As Jay explained all of this to me, it was clear that he was trapped in an interpretation of who he really is; and that interpretation had snared him in a life that was far removed from the one he was made for.
I discovered that, if you push him (and man, did I ever have to push him), Jay will peel back the facade and admit that his life is not all that he hoped for. It isn’t all bad - aspects of it, such as his wife and kids, are all he could wish for; but whole chunks of it don't feel complete, or like they fit with who he is.
Trouble is, he's not even close to being clear on who he is. So he tries not to dig too deep because it's frustrating. And so the cycle of living a life he was never meant to be living, complete with all its frustrations and disappointments, continues.
I asked Jay what his biggest blockage to breaking out of his situation was, and he told me that it was the paralysis of fear: fear that he may be trapped and, even at 33, he may already be locked into a trajectory he does not want.
He’s worried that his current career is all he knows and all he is qualified to do, but more and more it sucks the life out of his soul. But he’s scared that if he changes direction, or declares how he feels, people will think he's lost the plot.
And, worse than people thinking he has lost the plot, he worries that he will disappoint his parents and his wife.
And the bottom line - his biggest concern - is that he is unsure he can carry on living what he knows is a lie, and not the life he was made for.
I’ve been where Jay is. Maybe you have, too. Maybe you are there right now.
And, if you’ve been there, or find yourself there right now, you may have discovered what I did, and what I was able to share with Jay: there is a way out. It’s not easy, and it is full of twists and turns, but the struggle is worth it.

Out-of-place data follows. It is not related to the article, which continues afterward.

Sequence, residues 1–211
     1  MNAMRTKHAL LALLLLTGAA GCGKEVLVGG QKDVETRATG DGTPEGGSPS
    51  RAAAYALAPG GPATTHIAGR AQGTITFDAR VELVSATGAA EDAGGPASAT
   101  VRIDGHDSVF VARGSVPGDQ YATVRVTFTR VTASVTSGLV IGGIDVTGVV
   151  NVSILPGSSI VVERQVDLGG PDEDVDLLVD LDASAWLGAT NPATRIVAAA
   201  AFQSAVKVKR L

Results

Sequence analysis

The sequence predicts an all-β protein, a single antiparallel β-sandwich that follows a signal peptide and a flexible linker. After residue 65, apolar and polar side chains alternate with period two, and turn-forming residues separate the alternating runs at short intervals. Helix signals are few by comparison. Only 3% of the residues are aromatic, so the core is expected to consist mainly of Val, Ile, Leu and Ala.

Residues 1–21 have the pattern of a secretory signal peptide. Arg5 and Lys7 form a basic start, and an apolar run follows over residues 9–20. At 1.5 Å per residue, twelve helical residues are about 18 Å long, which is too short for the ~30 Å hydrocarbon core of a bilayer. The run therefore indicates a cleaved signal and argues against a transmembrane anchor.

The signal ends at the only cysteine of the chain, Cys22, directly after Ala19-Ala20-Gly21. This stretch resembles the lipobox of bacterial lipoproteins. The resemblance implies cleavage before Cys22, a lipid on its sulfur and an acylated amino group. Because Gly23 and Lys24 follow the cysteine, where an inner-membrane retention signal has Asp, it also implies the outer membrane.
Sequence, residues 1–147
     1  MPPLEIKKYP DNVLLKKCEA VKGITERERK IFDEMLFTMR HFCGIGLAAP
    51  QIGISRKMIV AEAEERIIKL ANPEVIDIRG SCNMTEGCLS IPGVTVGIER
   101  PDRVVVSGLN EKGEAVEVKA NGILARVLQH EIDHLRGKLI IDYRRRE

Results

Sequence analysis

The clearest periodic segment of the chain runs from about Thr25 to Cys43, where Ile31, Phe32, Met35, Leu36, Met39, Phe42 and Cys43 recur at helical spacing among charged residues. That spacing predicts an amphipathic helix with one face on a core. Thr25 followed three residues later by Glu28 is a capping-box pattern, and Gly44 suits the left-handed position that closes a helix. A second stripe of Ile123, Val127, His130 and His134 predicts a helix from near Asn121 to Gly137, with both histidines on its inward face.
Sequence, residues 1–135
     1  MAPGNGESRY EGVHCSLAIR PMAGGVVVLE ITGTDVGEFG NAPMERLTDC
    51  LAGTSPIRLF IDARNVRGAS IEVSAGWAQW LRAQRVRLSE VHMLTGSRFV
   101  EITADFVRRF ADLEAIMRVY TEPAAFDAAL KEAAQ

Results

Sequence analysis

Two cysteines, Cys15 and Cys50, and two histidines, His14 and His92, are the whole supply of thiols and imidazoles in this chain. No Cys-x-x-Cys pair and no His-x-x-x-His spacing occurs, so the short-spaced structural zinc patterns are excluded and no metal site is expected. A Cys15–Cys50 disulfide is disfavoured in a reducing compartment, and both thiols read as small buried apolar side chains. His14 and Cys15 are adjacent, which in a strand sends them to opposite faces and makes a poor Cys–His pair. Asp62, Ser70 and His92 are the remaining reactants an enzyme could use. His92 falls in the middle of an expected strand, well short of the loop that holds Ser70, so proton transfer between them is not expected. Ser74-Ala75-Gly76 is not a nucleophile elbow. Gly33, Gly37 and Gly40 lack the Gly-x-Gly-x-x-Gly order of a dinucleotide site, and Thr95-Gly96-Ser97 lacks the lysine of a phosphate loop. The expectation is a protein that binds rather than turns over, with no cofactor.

You see, when you break free of the interpretation of you, step into the person you truly are, and embrace the adventure of your real life, you become your best self. And, as your best self, you cannot fail to be the best partner, parent, sibling, friend, colleague, whatever, that you ever could be: you cannot fail but to live a life that is the very epitome of success, whatever that looks like for you.
If Jay’s struggles sound familiar, if you are trapped, discontent, aware that the life you are living is not the one you are made to live, and the person you have become is not the real you, then I have good news: there is an alternative, it’s within your grasp, and you have what it takes to get it.
And I say that with absolute certainty because, if I can do it, so can you.
To start your journey towards your true self and your real life, why not grab our free self assessment tool: ‘Just HOW Motivated Are You?’.
Click here to download a copy now, and feel free to drop me a line or leave a comment to share your own experiences, struggles and/or victories.